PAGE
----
Daugherty unabashed assessing Cougs' future
DAUGHERTY EYES BIG TURNAROUND YEAR
DAUGHERTY EYES BIG TURNAROUND YEAR

Posted May 20, 2008


WASHINGTON STATE women’s basketball coach June Daugherty is unabashed in her enthusiastic assessment of the freshmen- and senior-heavy team she’ll put on the court this winter. “We’ve got an opportunity this season for one of the biggest turnarounds nationally -– ever,” she told CF.C last week.

And Daugherty knows something about big-time turnarounds. Under her watch, the Washington Huskies went from ninth place in the Pac-10 in 2000 to the conference title in 2001. It was the greatest turnaround in Pac-10 women’s history. She worked similar magic as head coach at Boise State in the 1990s.

Daugherty isn’t predicting a championship for WSU this season. But the days of five wins per season -- the Cougs have averaged 4.75 per year in this decade -- are over.

“Cougar fans better get their season tickets because they’ve never seen the type of athleticism that’s coming in here. It’s unbelievable,” she said, referring to the nationally touted recruiting class of seven that will be joining the program.

The incoming guards are lightning quick -- which will go far in curing one of the Cougs’ biggest bug-a-boos last season: breaking the press -- and the posts can flat out play, she says.

The guards are Washington Player of the Year Katie Grad of Auburn-Riverside; California All-State honoree April Cook of Long Beach; All-Area pick Danielle LeNoir of Los Angeles; and Street & Smith’s All-American Jazmine Perkins of Berkeley, Calif.

The posts are Sporting News honorable mention All-American Jessica Oestreicher of Redding, Calif.; Philadelphia Player of the Year Rosie Tarnowski; and Lexie Pettersen, a record-setting scorer and rebounder at Spokane’s Shadle Park.

Oestreicher, at 6-foot-8, will be the tallest player in the Pac-10 and the tallest freshman in WSU history. WSU had one other player, Kathy Weber, who stood 6-8 but she was only 6-6 when she arrived on campus for the 1990-91 season.

“We’re building something really special here,” Daugherty says. “The egg is here -- and the chicken is going to rise soon ... I really encourage Cougar fans to follow us for a year and document it -- it’s really going to happen. We’re changing the culture and attitude about women’s basketball. I’m hopeful the fans will embrace this team – and bring a neighbor with ‘em!”

This past season, home attendance climbed a whopping 363 percent over 2006-07. WSU averaged 1,824 fans per home, up from 503 the year before. Home attendance soared under Daugherty's tenure at both Boise State and Washington.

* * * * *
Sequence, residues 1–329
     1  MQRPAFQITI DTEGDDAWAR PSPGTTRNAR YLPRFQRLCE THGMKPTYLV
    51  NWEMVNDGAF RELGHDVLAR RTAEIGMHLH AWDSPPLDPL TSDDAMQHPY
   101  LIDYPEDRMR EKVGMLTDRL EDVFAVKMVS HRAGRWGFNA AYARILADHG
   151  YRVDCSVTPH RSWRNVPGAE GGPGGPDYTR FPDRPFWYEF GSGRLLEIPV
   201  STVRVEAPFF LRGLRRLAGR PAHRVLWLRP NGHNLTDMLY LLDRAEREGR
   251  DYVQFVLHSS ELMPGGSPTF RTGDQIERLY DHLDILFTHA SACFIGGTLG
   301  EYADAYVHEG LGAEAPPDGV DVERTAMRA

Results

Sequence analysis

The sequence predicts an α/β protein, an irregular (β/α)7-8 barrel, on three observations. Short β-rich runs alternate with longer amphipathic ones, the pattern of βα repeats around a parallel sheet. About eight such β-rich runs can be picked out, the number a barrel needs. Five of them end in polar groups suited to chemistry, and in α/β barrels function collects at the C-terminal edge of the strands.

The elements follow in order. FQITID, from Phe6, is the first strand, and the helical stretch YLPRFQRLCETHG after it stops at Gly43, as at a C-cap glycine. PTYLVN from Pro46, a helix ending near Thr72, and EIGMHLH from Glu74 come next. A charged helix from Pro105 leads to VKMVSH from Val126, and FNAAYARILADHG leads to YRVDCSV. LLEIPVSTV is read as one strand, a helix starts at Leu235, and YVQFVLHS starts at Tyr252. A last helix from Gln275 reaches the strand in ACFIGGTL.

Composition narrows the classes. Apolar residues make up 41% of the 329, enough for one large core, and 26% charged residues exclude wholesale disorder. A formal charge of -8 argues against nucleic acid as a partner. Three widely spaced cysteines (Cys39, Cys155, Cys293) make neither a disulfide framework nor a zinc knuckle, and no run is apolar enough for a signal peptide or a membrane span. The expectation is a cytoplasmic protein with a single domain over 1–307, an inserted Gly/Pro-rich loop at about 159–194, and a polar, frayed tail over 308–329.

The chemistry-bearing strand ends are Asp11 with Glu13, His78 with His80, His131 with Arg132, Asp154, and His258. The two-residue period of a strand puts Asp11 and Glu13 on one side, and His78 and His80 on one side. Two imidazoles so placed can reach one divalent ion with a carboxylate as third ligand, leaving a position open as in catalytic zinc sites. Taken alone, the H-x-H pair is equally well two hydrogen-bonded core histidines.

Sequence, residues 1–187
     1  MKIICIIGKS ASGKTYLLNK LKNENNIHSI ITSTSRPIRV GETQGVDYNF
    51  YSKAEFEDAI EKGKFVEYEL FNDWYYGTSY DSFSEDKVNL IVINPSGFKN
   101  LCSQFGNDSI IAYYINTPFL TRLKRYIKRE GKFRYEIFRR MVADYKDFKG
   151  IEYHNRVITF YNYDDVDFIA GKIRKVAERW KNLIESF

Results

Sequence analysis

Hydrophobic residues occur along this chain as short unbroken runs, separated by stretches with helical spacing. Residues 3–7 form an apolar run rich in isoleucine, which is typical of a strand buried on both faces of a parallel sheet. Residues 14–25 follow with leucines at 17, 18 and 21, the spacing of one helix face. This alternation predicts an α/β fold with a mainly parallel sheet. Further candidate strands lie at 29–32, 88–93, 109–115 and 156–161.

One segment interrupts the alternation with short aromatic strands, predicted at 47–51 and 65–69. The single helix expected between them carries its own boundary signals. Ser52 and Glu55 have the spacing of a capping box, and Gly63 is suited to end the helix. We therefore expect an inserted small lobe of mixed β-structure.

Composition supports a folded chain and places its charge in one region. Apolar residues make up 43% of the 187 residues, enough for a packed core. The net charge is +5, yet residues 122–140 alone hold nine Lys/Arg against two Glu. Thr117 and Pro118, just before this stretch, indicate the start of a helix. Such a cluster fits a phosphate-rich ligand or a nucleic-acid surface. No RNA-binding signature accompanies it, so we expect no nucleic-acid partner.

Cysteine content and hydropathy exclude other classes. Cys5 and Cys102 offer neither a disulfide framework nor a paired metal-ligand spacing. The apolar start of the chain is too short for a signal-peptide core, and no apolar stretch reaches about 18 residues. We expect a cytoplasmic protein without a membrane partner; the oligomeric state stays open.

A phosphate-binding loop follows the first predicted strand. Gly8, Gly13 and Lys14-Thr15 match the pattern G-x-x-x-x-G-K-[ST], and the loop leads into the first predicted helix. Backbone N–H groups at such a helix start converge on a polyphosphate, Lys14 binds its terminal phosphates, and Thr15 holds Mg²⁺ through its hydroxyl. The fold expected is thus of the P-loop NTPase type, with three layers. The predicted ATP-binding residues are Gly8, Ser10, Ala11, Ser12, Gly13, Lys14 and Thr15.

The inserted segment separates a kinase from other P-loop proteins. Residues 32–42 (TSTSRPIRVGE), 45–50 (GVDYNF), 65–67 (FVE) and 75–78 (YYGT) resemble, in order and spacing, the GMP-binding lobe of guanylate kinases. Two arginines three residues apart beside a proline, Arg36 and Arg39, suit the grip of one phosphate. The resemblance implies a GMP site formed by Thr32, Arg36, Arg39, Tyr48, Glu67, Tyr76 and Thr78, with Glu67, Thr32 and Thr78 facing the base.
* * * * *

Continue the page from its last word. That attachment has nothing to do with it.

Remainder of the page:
HOW MANY OF THE seven incoming freshmen will see immediate playing? “I hope they’ll all have an opportunity to play right away,” Daugherty says. “It depends on how hard they work in the weight room and on the track between now and the start of practices. That adjustment from high school to college is dramatic.”

The youngsters will join a team that returns its leading scorer (All-Pac-10 honorable mention pick Katie Appleton), leading rebounder (Heather Molzen) and top assist person (Pac-10 All-Freshman honorable mention choice Kezia Kelly). Appleton and Molzen will be seniors in 2008-09 and Kelly a sophomore. Those three led the Cougs in minutes played last season, followed by two true freshmen who figure to be faster and stronger in 2008-09, Jasmine Williams and Katie Calderwood.

SINCE HER REBOUND from cardiac arrest one year ago this week, Daugherty has joined forces with The Hope Heart Institute, a renowned Seattle-area non-profit organization focused on cardiovascular research and education. Daugherty has been a powerful voice in The Hope’s fight against heart disease, which is the No. 1 killer of women in America.

This August, she’ll be The Hope’s featured attraction at youth basketball clinics in Renton, Tukwila and Seattle.

Why a youth basketball camp to help spread the gospel about a disease that mostly affects adults?

Because the percentage of overweight children and teens has more than doubled in the U.S. in the past 30 years. Overweight children are more likely to become overweight adults, which in turns increases their risk for heart disease, type 2 diabetes, high blood pressure, and other chronic conditions.

NOTABLE NOTES:

• Cougar sophomore-to-be Kezia Kelly, who doesn’t turn 18 for another two weeks, has been picked for the junior national team this summer in her native New Zealand.

• Daugherty will have four slots available in her 2009 recruiting class and already has filled one of them. Germany’s Ireti Amojo, who played as an exchange student at Auburn-Riverside with Katie Grad in 2006-07, verbally committed to the Cougs earlier this year. She’s a 5-10 wing.

• Daugherty has been a popular dinner speaker this off-season, serving as the keynoter at sports banquets held at Auburn-Riverside High and Los Angeles’ Narbonne High. Two of her incoming freshmen – Katie Grad and Danielle LeNoir -- hail from those schools. Daugherty also will be the featured attraction at the Colville High sports awards dinner tomorrow.



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C Jessica Oestreicher (profile)
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